Mabel's Shadow

            The early morning sun came in through the eastern window of a modest bungalow. Past white curtains, it danced inward upon the back of a human girl.

            It was a child's bedroom, decorated with fledgling artistic talent and posters of a kids' show. There was a bunk bed, for one child. Her stuffed animals were scattered upon it, collecting dust.

            She had long since stopped playing with them. She was nine now. She had even stopped talking with them. Or maybe it was the other way around.

            Mabel had curly brown hair, and far too many freckles by anyone's reckoning.

            The window was at the head of her bed, and cast the shadow of her seated form upon the sheets. Her shadow was there, indeed. He was a taller silhouette, at times like these, and smiled at her from upon the sheets.

            "How are you, Mabel?"

            "I'm fine, Shay," she answered. "Mother's taking us to see a special lady. A sick-e-a-tricksed."

            "A psychiatrist?" he asked, with an edge of fear in his voice.

            "No, Shay," she told her shadow. "A sickeatricksed."

            There was an eerie silence, and it worried those in the room.

            She broke it, "And you, Shay? How are you this morning?"

            "I'm fine," he told her. "Not as dark as I could be on these white sheets, though. I liked the gray ones."

            "Well," she said, folding up her legs and edging towards the ladder, "I have to go now. Gotta eat breakfast quick, Mom's taking me to an early apartment."

            As she walked into the kitchen, Mabel's mother looked up at her, "Who were you talking to?"

            The kitchen had six lights at odd angles, and thus nobody in the room had any defined shadow.

            "Mabel," her mother repeated, "Who were you talking to?"

            "Mipsy," she lied. Mabel chewed at the side of her cheek, and her left leg wobbled.

            The cat brushed against her mother's denim-covered leg, "No, Mipsy's been in the kitchen with me."

            Mabel looked down at the patchy cat.

            The cat looked up at her. It had big green eyes, that consumed her sight.

            "Oh," she said.

            "Mabel, you're too old for imaginary friends. That's why I'm taking you to the appointment with Doctor Wye."


            "Excuse me, young lady?"

            "Why does he have a funny name? And why do I have to see an appartment with Doctor Wye?"

            "App-oint-ment, Mabel. It's like a visit to the dentist, but instead of working in your mouth, Doctor Wye is just going to ask you some questions."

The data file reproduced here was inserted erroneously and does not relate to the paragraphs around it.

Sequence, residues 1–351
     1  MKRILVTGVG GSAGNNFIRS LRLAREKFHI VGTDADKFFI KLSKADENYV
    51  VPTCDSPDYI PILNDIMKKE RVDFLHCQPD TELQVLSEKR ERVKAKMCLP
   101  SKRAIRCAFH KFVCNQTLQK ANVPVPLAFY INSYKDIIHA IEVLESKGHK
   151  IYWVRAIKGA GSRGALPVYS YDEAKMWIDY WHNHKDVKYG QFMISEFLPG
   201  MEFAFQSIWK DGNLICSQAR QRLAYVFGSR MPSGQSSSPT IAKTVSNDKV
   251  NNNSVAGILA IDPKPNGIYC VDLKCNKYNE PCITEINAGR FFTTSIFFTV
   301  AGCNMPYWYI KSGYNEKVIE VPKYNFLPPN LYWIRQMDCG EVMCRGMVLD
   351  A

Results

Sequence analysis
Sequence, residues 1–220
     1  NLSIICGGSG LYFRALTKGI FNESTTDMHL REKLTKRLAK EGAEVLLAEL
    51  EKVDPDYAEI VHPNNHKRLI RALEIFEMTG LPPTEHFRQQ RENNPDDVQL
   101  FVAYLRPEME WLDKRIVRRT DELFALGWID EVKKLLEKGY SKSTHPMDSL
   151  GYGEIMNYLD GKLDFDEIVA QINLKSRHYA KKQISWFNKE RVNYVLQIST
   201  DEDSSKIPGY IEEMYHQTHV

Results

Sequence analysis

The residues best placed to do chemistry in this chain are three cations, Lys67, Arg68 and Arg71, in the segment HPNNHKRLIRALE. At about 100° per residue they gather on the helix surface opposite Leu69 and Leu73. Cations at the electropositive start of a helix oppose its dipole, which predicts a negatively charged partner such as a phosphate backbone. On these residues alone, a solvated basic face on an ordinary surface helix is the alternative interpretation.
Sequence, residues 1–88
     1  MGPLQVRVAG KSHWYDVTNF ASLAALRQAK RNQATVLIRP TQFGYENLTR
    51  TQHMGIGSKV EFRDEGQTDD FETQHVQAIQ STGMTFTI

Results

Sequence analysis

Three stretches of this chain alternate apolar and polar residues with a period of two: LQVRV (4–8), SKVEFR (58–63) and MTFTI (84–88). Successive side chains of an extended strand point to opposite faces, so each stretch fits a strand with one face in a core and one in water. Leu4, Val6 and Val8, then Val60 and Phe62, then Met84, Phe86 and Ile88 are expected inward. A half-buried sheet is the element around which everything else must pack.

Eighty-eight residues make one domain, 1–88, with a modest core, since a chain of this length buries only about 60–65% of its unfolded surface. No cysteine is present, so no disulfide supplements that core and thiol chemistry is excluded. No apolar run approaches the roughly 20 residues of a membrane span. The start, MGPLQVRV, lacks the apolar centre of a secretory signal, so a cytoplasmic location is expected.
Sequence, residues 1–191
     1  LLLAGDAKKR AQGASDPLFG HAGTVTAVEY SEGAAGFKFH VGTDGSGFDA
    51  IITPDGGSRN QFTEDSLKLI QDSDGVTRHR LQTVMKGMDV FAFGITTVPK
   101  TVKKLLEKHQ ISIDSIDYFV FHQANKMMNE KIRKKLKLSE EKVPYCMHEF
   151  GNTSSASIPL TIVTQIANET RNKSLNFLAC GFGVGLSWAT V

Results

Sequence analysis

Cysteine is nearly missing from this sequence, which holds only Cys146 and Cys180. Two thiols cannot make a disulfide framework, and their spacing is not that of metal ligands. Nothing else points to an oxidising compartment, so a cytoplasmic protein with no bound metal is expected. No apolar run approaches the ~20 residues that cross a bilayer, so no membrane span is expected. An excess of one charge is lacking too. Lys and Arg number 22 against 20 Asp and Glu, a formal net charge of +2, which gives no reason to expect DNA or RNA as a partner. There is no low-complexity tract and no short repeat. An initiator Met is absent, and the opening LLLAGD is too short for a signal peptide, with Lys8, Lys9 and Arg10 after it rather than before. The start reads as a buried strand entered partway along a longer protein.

"Oh, all right." she sat down at the table, across from a plate full of two pancakes. Gingerly, she reached for the maple syrup. She loved the taste, and hated the sticky jar. It poured out, generously, drowning her pancakes. Questions aren't so bad, are they?

            "Have you seen your father this morning?"

            "No," Mabel lied.

            "Well, finish up quick, hon. We've gotta go soon."

            Ten minutes later, Mabel's mother was leading her outside. The sun cast a shadow behind the girl, as she walked around the car. However, it was eclipsed by the shadow of the minivan.

            A boy of her age, from across the street, was riding his bicycle along the sidewalk. He waved, "Hi Mabel!"

            "Hello, Greg."

            He looked down, as she began to open the back seat door. And, for a second, he saw her shadow. "Hey Shay!" he yelled.

            And Shay waved to Greg.

            The door slammed, and Mabel got into the car. It roared to life with a turn of a key, and the radio began to play. Mabel's mother was tapping her fingers against the steering wheel.

            To the same beat, she felt something hit against her back. She raised her voice, "Mabel, stop kicking my chair!"

            "I'm not!"


            Mabel liked her mother. She knew better than to kick someone's chair, especially her mother's. She didn't want attention, she had been getting quite enough of that lately, even a doctor.

            She liked Shay. And sometimes she didn't. He was smart, and she was dumb. She was strong, and he was weak. She was humble, and he was proud. She was polite, and he was rude. Her shadow was her opposite in every way, but also a reflection of herself. Sometimes a friendly one, sometimes a scary one.

            And her mother kept driving, tapping her hands to the rhythm. They passed main streets, and busy intersections. She even had to drive them through an uncommon roundabout. The radio broke into ads, and boredom ensued. Then, it happened again, "Mabel, for God's sake! Stop kicking my chair, or so help me Jesus, I will turn this car around and you won't get any more television for a week!"

            "Mom," she pleaded, "I ain't kickin'! I swear!"

            "What have I told you about lying, young lady?"

            Mabel looked down, glumly, at the shadows of her feet.

            "Look, just don't do it, it's only another minute or so. Okay?"

            Mabel didn't answer. She just looked out the window, muttering something incoherent under her breath.

The End

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